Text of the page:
Pork Paprikash

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RECIPE #302, DAY #501

ORIGINAL RECIPE: “Chicken (or Pork) Paprikash” from my old blog, RealisticChef*

TIMING: 30 minutes

DIFFICULTY: Easy enough, with the right cut of meat

TOOLS: A nice, big saute pan and some tongs

COOK TYPE: Stovetop

HEALTH: If you want a little white meat in your diet, there’s nothing wrong with crusting it with spices and cooking it up simply. I suppose you are using oil to give it a pan-fry, but it’s not too over-the-top. Served with the requisite Mamaliga (see following recipe and read “polenta”), you also have whole grain. Just add veggies.dsc_1313

EXPERIENCE: Moldova, oh Moldova, oh how I love you (and your cuisine). And here we are again, on the night of the Moldovan-themed Supper Club, and this time I am serving the main course. One of our most memorable experiences in Moldova was stopping by a road-hugging hotel (which barely qualifies as more than a house with a restaurant in it) for dinner. Our group took up a long table and the servers brought out course after course of truly fresh and delicious food. Among them were large platters of pork or chicken paprikash, which you were supposed to eat with a slab of cut polenta, sour cream, and their local sheep’s milk cheese. (Okay, so everything was local.)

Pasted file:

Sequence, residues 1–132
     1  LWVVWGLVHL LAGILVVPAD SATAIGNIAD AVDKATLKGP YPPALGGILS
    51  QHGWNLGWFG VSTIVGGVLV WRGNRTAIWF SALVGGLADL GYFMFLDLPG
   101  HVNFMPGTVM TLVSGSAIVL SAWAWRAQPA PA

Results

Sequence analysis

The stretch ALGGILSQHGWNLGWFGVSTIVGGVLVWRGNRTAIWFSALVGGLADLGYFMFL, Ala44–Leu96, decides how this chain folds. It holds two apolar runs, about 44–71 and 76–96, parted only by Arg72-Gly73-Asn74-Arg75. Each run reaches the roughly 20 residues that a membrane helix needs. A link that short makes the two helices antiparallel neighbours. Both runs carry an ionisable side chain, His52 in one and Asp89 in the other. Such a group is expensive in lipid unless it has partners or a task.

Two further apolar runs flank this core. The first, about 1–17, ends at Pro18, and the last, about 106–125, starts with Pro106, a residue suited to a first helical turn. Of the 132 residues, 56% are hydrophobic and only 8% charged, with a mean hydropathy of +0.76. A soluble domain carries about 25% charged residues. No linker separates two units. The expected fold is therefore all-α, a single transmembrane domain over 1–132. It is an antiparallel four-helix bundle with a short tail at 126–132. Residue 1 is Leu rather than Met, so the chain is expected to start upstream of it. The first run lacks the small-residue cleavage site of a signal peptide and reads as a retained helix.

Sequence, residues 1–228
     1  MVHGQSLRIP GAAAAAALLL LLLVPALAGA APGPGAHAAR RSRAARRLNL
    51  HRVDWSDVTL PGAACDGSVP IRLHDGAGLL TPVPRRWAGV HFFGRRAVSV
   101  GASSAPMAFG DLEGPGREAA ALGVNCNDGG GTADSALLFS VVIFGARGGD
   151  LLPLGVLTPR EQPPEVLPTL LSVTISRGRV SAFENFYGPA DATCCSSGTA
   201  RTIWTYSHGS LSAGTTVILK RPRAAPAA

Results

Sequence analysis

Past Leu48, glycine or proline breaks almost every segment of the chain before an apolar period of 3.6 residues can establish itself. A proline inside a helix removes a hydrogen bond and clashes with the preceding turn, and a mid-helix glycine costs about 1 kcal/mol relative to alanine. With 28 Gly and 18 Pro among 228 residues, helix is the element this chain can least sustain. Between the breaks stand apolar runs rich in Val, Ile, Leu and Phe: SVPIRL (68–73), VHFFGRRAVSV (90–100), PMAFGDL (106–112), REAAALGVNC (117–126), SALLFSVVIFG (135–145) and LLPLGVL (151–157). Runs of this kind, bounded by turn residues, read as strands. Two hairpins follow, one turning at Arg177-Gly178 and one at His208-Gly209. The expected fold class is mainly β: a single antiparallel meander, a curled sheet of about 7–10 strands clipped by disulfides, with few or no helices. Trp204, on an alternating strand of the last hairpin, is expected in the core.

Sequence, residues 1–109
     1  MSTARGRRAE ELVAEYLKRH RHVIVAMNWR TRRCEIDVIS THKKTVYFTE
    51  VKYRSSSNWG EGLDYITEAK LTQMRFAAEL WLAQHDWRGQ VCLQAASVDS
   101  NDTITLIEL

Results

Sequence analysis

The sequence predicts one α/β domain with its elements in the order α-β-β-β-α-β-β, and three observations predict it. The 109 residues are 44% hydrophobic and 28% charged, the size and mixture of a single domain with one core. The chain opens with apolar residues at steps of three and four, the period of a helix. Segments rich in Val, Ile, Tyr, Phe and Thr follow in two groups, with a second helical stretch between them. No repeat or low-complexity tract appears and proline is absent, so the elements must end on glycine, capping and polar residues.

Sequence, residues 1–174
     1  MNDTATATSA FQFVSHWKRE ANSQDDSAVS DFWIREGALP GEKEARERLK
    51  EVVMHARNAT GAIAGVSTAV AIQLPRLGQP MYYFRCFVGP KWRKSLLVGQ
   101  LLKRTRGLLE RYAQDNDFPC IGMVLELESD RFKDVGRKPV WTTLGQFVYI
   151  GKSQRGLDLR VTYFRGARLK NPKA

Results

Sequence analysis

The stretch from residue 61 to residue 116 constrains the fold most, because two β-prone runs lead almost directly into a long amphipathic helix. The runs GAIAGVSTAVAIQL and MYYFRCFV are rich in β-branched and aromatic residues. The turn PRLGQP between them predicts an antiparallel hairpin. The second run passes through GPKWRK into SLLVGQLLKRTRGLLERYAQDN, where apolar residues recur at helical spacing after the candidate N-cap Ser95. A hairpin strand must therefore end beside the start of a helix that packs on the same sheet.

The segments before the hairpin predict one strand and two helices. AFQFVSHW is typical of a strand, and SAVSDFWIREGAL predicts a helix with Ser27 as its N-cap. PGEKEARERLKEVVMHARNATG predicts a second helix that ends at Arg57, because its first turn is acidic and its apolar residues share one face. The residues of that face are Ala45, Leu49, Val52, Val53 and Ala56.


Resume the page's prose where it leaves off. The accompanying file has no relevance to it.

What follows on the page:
Did I mention everything was delicious? Including the meat. So when we got back to the states, I looked it up. And our recreation? Really good, as well. Turns out that Moldovans don’t make such a big fuss about food preparation, but they do you the finest ingredients by walking out to their yard-farms to get them.

NOTES: The paprikash (related to the word “paprika,” obviously) is meant to be served alongside Moldovan mamaliga, sour cream, and sheep’s milk cheese. You could, I suppose, serve it many other ways, including with a smoother polenta made with the cheese, or many other Eastern European things, like cabbage, egg noodles, dumplings, spaetzle, whatever.

This is an in-between sort of recipe, with the cook time coming it at 30 minutes, with a long saute and then a braise of sorts. I tried this recipe twice through because I forgot to take photos of it at the dinner and the guests cleared it out. I have to say that the longer-cooking pork meat (loin, here) held up better than the short-cooking meat (in this case, pork chop). I would stick with a pork stew meat or loin, just make sure to trim it nicely before cooking.

You are also welcome to use chicken, because Americans love chicken.

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  1. In a saute pan, heat 3 tablespoons safflower oil over medium-high heat until hot, but not smoking. Add 3/4-1 pound bite-size pork (making sure it is dry and you are not crowding the pan) and brown for 5-6 minutes.
  2. Lower the heat a little and add 2 cloves minced garlic, 1 teaspoon salt, 1/2 teaspoon black pepper, and 1 tablespoon paprika (sweet or hot, to taste). Saute another 5 minutes, being careful not to scorch the garlic.
  3. Stir in 1/2 cup water, bring to boil, and reduce heat to medium. Cook about 15 minutes, stirring occasionally, until water has almost completely evaporated and meat is cooked through.

***

Serve with Mamaliga (see recipe), sour cream, and sheep’s milk cheese, as well as a vegetable, like dilled cabbage. Bull’s Blood wine pairs nicely, as well.

*Recipe changed from the original.

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